It must be high up on the anxiety list of any headmaster — the last thing the school needs is another infestation…

It’s been some time since my son (now 7) came home with the usual nit letter. I’m not complacent though, I’m sure it will happen again (several times probably) before he leaves them behind and moves on to secondary school.

It is usually in primary school (age up to 12) that children suffer head lice most often. It’s nothing to do with physical size, or childhood body chemistry. It’s everything to do with childish behaviour — unabashed huddling and cuddling. Boys and girls are equally exuberant in the playground, and equally enthusiastic as they snuggle up together to pore over the shared school table to read, or write or chat. Long gone are the stern days when individual children sat at single well-spaced desks, staring in silence at the blackboard at the front of the class.

Two things happen when children go off to secondary school. First, if they have suffered head lice in the past, their families may have have got the hang of control by now. Secondly, they begin to take responsibility for their own grooming. Combing is still the easiest and best way to control head lice, and even without a fine-toothed comb, brushing and combing can still dislodge, damage or remove head lice enough to break or prevent infestation.

Head louse infestations in secondary school are few and far between, but that still doesn’t stop head lice being used to theatrical effect. Even Hogwarts has an outbreak.

The Harry Potter Puppet Pals have become a bit of an internet sensation, so perhaps it comes as no surprise that lice should invade their table-top version of Hogwarts. Weasley has an affliction.

Ron Weasley has lice.

Dumbledore gets it right: “Lice are magical creatures”.

Indeed, they are, but I’m not sure about Hagrid’s folksy treatment. His name is not, after all, synonymous with grooming.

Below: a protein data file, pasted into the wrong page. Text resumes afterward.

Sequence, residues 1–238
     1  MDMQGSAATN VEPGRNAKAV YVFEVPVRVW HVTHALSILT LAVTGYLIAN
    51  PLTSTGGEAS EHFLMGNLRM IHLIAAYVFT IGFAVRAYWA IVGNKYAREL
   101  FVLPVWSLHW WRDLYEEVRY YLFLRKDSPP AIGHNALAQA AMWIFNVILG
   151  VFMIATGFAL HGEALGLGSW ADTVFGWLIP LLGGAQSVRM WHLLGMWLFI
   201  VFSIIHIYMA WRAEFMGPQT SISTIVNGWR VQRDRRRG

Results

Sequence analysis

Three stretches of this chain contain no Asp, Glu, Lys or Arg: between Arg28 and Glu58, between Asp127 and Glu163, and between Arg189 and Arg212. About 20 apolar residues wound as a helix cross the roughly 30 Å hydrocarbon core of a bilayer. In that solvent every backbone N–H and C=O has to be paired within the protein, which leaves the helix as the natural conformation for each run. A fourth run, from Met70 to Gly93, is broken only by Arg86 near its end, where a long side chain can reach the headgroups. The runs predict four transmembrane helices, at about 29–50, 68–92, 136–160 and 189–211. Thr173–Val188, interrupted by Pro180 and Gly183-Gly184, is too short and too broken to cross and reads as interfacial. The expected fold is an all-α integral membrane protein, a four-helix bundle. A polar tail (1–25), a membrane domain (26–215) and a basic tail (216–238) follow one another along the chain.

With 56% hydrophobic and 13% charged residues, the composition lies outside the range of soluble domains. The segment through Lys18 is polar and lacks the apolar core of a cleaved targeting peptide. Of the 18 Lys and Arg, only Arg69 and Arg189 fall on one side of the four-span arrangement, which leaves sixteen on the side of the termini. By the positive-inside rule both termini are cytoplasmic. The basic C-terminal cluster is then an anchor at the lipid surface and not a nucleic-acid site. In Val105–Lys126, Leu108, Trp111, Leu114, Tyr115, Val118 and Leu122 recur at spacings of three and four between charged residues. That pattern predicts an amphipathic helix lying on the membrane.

The mayonnaise might work though….

You’ll be wanting a certificate with that then

It was the mischievousness of the challenge I appreciated most. “What’s that, then?” said the Dad, over the fuzzy head of his son, as they passed over the small plastic tube with bug inside.
There’s nothing unusual in this questioning behaviour from complete strangers, it happens to me all the time. But at the Nunhead Cemetery Open Day people are queuing up to ask. We are often mobbed at the Bug Hunt stall; 350 visitors is not unusual. The instructions are simple:
1. Collect a container (one of the hundreds of empty hummus or yogurt cartons I collect throughout the year)
2. Collect some bugs, as you walk around this fantastic overgrown Victorian cemetery, from flowers, under logs, resting on leaves, they’re all over the place
3. Bring them back to the stall and have your finds identified by the Bugman (me)
4. Collect a certificate, handwritten, with your name, and what bugs you found, scientific names and all.
It’s fantastic fun; the kids uncover some unusual things, every year, and then they rush off to tell their parents about the disgusting beasts they’ve found.
This time, however, it was the parent who handed over the container. Inside it, clinging on to a few hair strands, was a head louse. I had to smile.
I like to think he was impressed when I immediately recognized Pediculus capitis. I, too, was impressed at his calm, unflustered acceptance of his children’s nuisance parasites.
I can’t quite remember what the son’s wild-caught insect captures might have been. But I wrote a certificate for the Dad too.